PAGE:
David Gabai, Ph.D.

Princeton University

David Gabai is the Hughes-Rogers Professor of Mathematics at Princeton University. He arrived in 2001 and served as Chair from 2012 to 2019. Previous to Princeton, he was at California Institute of Technology for 15 years and was an assistant professor at the University of Pennsylvania and a Benjamin Pierce Instructor at Harvard before that. He received his Ph.D. from Princeton University in 1980 with William Thurston as his advisor and was an undergraduate at Massachusetts Institute of Technology.

Gabai’s early research focused on foliations on 3-manifolds, then shifted to the study of hyperbolic 3-manifolds and then to smooth 4-D topology. His seminal work on sutured manifold hierarchies led to a general construction of taut foliations and the resolution of a strong form of the Property R conjecture, which is crucial to many applications of gauge theory and Floer theory. As byproducts, he introduced the notion of thin position, which is now a basic tool in geometric topology and proved the 2-D simple loop conjecture. Together with Oertel, he introduced and developed the foundations of essential laminations. His work on hyperbolic geometry includes proofs of the Smale conjecture for hyperbolic 3-manifolds, the Marden’s tameness and Ahlfors measure conjectures (both with Danny Calegari and independently Ian Agol), the conjecture that the Weeks manifold is the unique minimum volume hyperbolic 3-manifold (with Rob Meyerhoff and Peter Milley) and very recently the Gordon conjecture on non-hyperbolic fillings (with Robert Haraway, Rob Meyerhoff, Nathaniel Thurston and Andrew Yarmola). He recently proved the 4-D lightbulb theorem and very recently (with Ryan Budney) discovered the first examples of knotted 3-balls in the 4-sphere.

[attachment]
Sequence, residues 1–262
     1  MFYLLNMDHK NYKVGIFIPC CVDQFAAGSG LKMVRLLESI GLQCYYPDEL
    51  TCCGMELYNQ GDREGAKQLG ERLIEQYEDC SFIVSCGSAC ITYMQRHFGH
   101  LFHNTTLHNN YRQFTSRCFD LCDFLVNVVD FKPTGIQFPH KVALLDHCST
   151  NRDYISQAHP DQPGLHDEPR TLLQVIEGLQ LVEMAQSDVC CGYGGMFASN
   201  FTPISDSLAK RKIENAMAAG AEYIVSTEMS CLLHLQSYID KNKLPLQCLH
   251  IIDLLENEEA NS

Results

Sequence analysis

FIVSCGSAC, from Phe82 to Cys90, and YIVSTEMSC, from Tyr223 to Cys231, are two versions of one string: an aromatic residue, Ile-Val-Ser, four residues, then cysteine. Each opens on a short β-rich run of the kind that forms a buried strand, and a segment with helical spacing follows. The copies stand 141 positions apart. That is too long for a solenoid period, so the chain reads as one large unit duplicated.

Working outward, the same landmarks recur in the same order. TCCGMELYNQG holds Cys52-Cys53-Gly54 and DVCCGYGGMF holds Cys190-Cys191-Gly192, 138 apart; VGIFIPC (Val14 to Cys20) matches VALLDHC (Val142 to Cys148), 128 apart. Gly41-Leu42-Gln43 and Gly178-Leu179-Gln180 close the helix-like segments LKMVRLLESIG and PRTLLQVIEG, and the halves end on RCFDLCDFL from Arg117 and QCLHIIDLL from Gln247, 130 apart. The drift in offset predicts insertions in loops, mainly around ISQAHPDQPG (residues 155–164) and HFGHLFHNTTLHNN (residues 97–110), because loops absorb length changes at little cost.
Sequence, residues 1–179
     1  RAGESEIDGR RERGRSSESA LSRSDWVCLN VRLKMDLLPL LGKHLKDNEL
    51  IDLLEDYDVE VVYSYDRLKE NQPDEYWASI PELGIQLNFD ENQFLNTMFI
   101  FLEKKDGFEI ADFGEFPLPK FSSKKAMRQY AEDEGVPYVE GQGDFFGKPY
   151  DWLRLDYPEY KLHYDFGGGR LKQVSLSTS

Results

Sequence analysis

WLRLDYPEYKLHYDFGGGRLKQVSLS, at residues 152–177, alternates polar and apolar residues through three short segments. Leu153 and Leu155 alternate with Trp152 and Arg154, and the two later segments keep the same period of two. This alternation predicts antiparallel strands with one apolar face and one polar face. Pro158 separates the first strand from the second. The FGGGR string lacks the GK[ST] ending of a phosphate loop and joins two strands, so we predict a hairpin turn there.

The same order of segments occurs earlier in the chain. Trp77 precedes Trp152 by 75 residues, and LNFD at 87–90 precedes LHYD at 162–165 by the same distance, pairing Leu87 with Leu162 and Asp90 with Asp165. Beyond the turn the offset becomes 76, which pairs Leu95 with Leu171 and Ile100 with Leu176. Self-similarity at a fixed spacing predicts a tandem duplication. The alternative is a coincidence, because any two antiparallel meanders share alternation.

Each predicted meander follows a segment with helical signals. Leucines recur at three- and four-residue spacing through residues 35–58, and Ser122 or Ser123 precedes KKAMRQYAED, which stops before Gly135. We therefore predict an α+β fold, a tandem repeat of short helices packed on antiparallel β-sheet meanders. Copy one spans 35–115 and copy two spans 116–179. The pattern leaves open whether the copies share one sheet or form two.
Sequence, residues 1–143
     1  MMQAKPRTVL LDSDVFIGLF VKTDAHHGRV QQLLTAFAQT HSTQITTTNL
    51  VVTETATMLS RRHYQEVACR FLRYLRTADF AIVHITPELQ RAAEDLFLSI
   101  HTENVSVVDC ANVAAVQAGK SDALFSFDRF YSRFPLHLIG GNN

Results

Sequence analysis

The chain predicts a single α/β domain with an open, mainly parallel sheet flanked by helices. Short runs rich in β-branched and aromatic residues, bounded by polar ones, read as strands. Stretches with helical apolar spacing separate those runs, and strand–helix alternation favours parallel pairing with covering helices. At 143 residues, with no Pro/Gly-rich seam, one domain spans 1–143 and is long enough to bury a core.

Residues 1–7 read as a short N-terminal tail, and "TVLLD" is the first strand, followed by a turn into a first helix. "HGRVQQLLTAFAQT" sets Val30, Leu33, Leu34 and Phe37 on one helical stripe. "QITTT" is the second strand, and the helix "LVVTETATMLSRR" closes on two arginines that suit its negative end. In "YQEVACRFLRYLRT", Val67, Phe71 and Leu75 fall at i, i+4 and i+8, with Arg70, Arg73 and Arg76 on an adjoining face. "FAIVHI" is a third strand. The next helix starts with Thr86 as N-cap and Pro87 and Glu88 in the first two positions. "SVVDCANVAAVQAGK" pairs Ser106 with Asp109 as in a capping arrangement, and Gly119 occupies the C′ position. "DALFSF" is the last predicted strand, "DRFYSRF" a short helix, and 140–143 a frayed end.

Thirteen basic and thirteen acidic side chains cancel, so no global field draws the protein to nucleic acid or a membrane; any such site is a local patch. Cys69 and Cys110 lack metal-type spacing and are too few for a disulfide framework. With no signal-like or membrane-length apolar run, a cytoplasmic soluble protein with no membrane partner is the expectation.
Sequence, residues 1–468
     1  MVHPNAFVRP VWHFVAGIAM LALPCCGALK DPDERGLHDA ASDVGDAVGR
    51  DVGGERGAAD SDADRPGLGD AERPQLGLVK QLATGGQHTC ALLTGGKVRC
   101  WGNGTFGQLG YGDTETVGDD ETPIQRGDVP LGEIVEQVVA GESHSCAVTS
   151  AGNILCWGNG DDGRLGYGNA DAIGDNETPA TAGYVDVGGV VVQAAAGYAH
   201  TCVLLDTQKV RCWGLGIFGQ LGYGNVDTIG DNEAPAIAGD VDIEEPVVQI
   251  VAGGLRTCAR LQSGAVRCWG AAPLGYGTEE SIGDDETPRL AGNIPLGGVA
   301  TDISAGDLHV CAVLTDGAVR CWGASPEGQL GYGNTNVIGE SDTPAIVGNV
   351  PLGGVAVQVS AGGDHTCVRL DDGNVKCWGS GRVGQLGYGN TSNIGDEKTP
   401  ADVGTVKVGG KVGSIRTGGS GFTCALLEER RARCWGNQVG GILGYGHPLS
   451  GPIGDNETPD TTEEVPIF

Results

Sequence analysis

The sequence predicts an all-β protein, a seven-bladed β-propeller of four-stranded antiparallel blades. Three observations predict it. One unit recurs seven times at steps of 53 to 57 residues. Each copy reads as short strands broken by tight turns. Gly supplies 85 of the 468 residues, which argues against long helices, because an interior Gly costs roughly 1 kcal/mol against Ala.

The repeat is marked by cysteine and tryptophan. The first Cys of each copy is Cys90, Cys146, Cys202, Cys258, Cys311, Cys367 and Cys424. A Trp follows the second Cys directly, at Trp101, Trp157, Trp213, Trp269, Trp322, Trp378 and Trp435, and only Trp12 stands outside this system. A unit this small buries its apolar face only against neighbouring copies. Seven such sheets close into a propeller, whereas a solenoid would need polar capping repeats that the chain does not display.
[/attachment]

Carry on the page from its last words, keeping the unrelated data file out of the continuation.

His research was recognized with the 2004 Veblen Prize and a 2009 Clay Research Award, and it invited lectures at the 1990 and 2010 International Congress of Mathematicians. He was elected to the National Academy of Sciences in 2011 and the American Academy of Arts and Sciences in 2014.

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